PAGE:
“That’s beautiful,” Tolstoy supposedly said after she finished. “Who wrote that?”
“You did,” his daughter replied. But he had written it so long ago that only now, on his deathbed, could see his work with fresh eyes, a Christian death absolving him not only of his sins in this world but the usual and pesky interposition of his (overly)critical faculty.
Half the battle is won or lost in getting to that point where your characters, previously puppets, start to caper around like voodoo dolls, animated by something besides your fingers on the keyboard or the ego lodged in some secret chamber of your mind.
Some writers claim it’s an artistic defect in control to let the characters dance too far free of the leash, while others claim that when the creation slips its tether, that’s where the fun starts.
Maybe that’s the key. Forget about creating something great. Have fun, instead, amuse yourself first and then go from there.
It’s the little things that break your heart.
I remember this one time as a kid going downstairs to the kitchen to get something to eat. I poured myself a bowl of cereal, opened the fridge, and found no milk inside. Being lazy, I didn’t bother to pour the cereal back in the box, or even to dump it in the trashcan (you know you’re lazy when you can’t even be bothered to waste something).
A couple hours later I went back downstairs and saw my mom getting ready to go to the grocery store. She turned and said, “I saw where you poured yourself some cereal but couldn’t find any milk. It broke my heart.” She was exaggerating, of course, but there was still enough feeling in her words for them to contain a bit of genuine pain.
Mothers are like that, cursed to feel too much, especially toward their most unfeeling children.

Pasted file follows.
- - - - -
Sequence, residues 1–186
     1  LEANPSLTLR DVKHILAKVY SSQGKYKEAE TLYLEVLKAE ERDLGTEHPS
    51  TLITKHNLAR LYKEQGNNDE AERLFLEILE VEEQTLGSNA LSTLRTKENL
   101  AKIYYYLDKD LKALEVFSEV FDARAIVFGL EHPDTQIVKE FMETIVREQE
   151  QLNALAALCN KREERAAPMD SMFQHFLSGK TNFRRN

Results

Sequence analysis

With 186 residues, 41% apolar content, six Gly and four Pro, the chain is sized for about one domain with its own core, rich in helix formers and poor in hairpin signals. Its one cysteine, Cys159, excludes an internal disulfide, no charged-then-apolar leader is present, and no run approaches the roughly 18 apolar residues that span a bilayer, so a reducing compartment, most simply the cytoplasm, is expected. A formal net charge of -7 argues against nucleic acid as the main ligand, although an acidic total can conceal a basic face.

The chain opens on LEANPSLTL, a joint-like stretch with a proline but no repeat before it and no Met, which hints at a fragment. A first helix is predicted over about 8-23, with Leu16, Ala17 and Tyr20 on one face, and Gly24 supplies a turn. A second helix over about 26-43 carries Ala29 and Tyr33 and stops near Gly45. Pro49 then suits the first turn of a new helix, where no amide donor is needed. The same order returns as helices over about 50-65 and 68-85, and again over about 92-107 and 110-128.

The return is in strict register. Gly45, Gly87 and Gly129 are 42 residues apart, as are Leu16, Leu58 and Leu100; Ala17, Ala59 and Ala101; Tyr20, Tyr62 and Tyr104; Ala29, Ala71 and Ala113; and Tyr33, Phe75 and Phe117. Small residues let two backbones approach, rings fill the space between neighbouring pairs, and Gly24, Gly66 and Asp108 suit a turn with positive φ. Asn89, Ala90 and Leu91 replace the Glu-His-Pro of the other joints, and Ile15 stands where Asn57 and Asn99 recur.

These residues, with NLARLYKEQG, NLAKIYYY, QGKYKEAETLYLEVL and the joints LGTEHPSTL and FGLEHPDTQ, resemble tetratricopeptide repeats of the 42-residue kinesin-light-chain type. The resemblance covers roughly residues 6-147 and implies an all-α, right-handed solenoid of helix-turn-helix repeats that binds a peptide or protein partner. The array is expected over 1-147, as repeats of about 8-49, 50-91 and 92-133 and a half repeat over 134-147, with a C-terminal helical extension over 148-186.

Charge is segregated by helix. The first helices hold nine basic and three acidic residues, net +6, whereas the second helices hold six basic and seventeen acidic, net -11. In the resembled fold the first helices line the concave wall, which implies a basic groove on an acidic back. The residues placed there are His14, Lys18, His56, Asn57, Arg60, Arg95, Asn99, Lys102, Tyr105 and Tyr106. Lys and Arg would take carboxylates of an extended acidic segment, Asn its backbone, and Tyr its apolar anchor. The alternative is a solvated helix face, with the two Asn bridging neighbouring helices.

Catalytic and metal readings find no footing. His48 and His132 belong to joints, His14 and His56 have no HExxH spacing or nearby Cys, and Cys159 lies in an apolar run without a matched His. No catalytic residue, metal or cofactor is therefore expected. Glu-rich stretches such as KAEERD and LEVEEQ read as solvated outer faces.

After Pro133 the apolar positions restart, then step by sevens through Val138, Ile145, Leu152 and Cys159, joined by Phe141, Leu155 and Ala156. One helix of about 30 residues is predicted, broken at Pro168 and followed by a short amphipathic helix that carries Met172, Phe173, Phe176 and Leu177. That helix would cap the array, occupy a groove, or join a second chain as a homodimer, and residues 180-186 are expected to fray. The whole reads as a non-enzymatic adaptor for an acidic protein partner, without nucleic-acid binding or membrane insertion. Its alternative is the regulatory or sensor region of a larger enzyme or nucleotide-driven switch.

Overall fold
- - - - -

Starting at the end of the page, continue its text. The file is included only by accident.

But apparently sons can be like that, too.
I had one of these moments of minor heartbreak the other night, that low threnody that plays through one’s bones and soul, and which once can’t seem to shake despite how silly it all seems. You’re overreacting, you tell yourself. But yourself tells you to go fuck yourself and to let it feel what it wants.
It was Halloween and I was driving to the drugstore to pick up some candy for the trick-or-treaters. I always put it off til the last moment, mostly because I don’t get many kids knocking on my door. I joked with my neighbors that there must be a rumor out there that I’m the guy in the neighborhood hiding razor blades inside apples. Except I don’t ever hand out apples, and for the young and processed sugar-obsessed kids, an apple is a horrific enough prospect sans razorblade. Might as well be the one curmudgeonly puritan who passes out tubes of toothpaste.
In order to get to the drugstore I have to drive through my old neighborhood. The section where I live now is solidly lower-middle and middle-class, two story brick and vinyl-sided houses inhabited by people who drive exterminator vans and cop cars to work, have their kids in little league and soccer. I could leave a bike in the driveway and not worry too much about it being stolen in the night.
My old neighborhood is what people in real estate and those given to a euphemism call “transitional.” There are laundromats and gas stations with a desperate air, as if they’ve just been hit by armed robbers or will be getting stuck up soon. Fumes from the city bus mingle with the scent of fried food, rap music from tricked-out hoopties rattles the window panes in the apartments where kids try to do their homework. It’s a neighborhood where the humble and law-abiding live quietly in the shadow of their louder and more violent neighbors.
En route to the store I hit a red light and was forced to stop. To my right was a cemetery that locks its gates early to deter vandalism. To the left was a liquor store, which apparently also sells candy. I saw a group of kids walking into the store dressed in their costumes, boys in their superhero silks and girls in their black witch finery. They were trudging inside to buy themselves some pregame sweets before the big door-to-door push to fill their pillowcases.
My heart dropped in my stomach at the bravery of these kids. Despite the cynicism (and frankly danger) all around them were still trying to be kids. They’re not naïve enough to overlook how wrong everything is in the world, and how that wrongness is magnified where they live, but they are still innocent.
Their braveness broke my heart. My cowardice, and the cowardice of all of us who are leaving them this world, disgusted me. But then the light turned green, and I drove on and didn’t think about it anymore. At least not consciously.
Not until now.
The Right to be Forgotten: Some Musings on Immortality,